In 2023, the United States of America continues to grow as a graveyard for the victims of mass shootings and other gun deaths.
The USA gave birth to the American Dream of endless opportunity. For too many today, the USA has become an American Nightmare of opportunity ended.
Mass Shooting and Gun Death Statistics
Mass shootings capture the headlines and significant media coverage. Other deaths caused by, and with a gun, much less so. As the following discussion shows, Americans should be concerned about both.
There is no official definition for what constitutes a mass shooting. The New York Times in May noted that the Gun Violence Archive, a non-profit research group, defines a mass shooting as one in which “at least four or more people were killed or injured,” and the Congressional Research Service defines a mass shooting as one which results in the “deaths of four or more victims.”
For the first five months of this year (January through May), The Gun Violence Archive cites 268 mass shootings. Given the Archives definition, that means at a minimum, 1,056 persons were killed or injured in those incidents.
Wikipedia provides definitions for mass shootings from various sources, including the Gun Violence Archive and the Congressional Research Service, and a list of mass shooting incidents that appear on at least two of those sources. That list cites 262 mass shootings, with 347 killed and 1023 wounded. (The Wikipedia mass shootings list includes organized crime and gang violence incidents which are excluded by some definitions.)
No matter the definition, the number of mass shootings and the victims of those should be unacceptable. Unfortunately, that is not the case.
There has been a substantial rise in mass shootings since 2020. With the exception of the public outcry and expressions of grief for those who have suffered, little has been done substantively to curb this “terminal epidemic” being perpetuated with guns.
This is sad. Even sadder is the fact that mass shootings represent only the tip of the iceberg for the deaths caused by guns in the United States. As John Gramlich of the Pew Research Center reports in his April 26 brief, “…mass shooting incidents account for a small fraction of all gun murders that occur nationwide each year.”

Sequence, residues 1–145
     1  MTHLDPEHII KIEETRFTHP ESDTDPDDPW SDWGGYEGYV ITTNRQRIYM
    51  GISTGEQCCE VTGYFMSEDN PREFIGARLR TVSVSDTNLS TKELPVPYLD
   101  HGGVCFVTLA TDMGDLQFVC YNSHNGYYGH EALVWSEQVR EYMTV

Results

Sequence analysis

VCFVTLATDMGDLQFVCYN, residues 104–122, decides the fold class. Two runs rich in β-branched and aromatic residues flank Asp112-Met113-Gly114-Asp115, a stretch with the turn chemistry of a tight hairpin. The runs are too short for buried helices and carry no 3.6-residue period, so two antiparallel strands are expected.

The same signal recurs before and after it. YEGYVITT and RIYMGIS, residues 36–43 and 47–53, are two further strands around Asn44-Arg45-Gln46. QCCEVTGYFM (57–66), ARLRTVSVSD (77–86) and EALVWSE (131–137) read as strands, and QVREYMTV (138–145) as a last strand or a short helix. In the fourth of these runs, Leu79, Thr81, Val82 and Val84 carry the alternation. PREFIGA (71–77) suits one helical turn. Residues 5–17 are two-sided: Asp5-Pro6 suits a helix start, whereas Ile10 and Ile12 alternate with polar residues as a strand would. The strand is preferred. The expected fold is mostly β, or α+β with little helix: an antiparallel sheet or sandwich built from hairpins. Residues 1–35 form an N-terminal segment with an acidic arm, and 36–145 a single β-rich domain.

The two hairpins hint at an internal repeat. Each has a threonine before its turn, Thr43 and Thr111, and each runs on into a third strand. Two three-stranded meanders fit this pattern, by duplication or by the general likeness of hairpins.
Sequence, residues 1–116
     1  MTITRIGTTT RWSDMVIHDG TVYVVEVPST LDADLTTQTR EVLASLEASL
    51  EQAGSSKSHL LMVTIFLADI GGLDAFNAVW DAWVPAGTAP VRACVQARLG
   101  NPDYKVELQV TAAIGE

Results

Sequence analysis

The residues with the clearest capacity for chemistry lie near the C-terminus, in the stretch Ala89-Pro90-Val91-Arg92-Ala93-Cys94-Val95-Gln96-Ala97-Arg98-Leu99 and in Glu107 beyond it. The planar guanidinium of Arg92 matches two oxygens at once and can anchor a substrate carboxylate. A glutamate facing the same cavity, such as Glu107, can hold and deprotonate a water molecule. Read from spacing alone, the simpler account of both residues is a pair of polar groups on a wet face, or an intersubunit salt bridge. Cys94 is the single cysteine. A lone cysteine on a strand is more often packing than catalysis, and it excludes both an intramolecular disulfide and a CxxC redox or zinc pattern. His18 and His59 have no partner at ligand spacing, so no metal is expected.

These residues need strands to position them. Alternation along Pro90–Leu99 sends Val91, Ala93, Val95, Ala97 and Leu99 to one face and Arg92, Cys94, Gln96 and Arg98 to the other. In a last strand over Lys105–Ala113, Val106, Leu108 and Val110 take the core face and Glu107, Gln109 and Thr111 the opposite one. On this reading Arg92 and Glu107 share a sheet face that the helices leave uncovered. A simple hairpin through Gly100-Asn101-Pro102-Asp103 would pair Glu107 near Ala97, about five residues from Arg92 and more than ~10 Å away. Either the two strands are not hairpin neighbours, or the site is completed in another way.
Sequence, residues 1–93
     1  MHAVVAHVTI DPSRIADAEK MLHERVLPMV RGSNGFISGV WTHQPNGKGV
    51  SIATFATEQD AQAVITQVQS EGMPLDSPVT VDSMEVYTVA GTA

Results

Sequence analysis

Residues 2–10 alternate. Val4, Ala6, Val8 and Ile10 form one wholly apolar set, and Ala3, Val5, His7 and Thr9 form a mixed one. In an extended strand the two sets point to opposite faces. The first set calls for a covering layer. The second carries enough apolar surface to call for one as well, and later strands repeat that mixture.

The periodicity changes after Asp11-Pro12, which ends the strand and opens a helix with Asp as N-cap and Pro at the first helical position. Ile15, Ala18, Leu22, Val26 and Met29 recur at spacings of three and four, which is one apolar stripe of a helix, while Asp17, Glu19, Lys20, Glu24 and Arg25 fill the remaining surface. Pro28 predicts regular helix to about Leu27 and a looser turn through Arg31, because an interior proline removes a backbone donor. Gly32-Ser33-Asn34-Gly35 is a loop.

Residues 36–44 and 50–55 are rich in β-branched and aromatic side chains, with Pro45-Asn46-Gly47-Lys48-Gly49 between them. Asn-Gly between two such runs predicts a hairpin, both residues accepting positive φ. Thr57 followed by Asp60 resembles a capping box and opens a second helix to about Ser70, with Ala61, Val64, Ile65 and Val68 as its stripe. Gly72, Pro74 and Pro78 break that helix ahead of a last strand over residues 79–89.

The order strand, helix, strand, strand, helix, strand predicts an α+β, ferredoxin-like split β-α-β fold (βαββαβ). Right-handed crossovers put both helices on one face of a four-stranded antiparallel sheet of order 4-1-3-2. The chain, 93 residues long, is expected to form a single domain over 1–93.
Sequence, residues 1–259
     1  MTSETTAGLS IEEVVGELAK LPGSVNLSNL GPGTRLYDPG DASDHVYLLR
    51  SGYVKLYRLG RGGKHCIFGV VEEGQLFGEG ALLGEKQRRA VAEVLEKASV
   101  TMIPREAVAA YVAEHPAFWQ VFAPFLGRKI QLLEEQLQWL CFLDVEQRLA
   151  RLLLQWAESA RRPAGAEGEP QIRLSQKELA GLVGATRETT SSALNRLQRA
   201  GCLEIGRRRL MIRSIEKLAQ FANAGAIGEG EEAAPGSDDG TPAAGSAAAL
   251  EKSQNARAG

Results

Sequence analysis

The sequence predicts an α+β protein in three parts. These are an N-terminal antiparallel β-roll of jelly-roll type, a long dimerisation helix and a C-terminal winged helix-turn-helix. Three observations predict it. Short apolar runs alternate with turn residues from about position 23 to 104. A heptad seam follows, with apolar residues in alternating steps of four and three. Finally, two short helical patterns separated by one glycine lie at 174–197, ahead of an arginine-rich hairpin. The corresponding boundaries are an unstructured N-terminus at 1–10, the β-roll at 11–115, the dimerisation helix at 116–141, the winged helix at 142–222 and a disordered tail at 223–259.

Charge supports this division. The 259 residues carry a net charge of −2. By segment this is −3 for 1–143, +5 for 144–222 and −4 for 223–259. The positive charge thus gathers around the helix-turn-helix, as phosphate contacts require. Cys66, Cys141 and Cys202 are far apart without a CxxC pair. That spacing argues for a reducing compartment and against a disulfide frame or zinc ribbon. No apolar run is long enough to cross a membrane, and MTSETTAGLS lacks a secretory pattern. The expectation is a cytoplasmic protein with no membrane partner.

Drawing upon data from the Center for Disease Control and Prevention (CDC) for 2021 — the most recent year for which complete data is available — key points which Gramlich makes include the following. In 2021:
- There was a record total of 48,830 gun deaths, reflecting a 23% increase since 2019
- 54% (26,238) of all gun-related deaths were suicides, and 43% (20,958) were murders. The remaining 1,634 gun deaths were for other reasons. (Suicides have always accounted for a majority of gun deaths.)
- 81% — 20,958 out of 26,031 U.S. murders — involved a firearm. (This was the highest percentage since at least 1968, the earliest year for which the CDC has online records.)
- On a per capita basis, there were 14.6 deaths per 100,000 people. (This was the highest rate since the 1990s.)
The mass shooting numbers, in combination with those from guns as a whole, are devastating. In spite of this, they have not been compelling enough to move a meaningful national agenda for gun reform forward.
Reasons for the Lack of Gun Safety Progress
What are the reasons for the lack of progress in increasing gun safety? Just as there is no uniform definition for mass shootings, there is no single or simple explanation.
Many factors have put gun control into a state of suspended animation. They include but are not limited to the:
- mental health explanation
- misinterpretation of the Second Amendment
- political power of the NRA
- irrelevance of public opinion
- dramatic increase in the number of guns
- dominance of states’ rights
- perception of our rights as American citizens
The most common defense for not increasing gun regulations is that the problem is not guns, but people with mental health problems using them inappropriately. There is no question that some mentally unhealthy individuals cause gun deaths — including their own.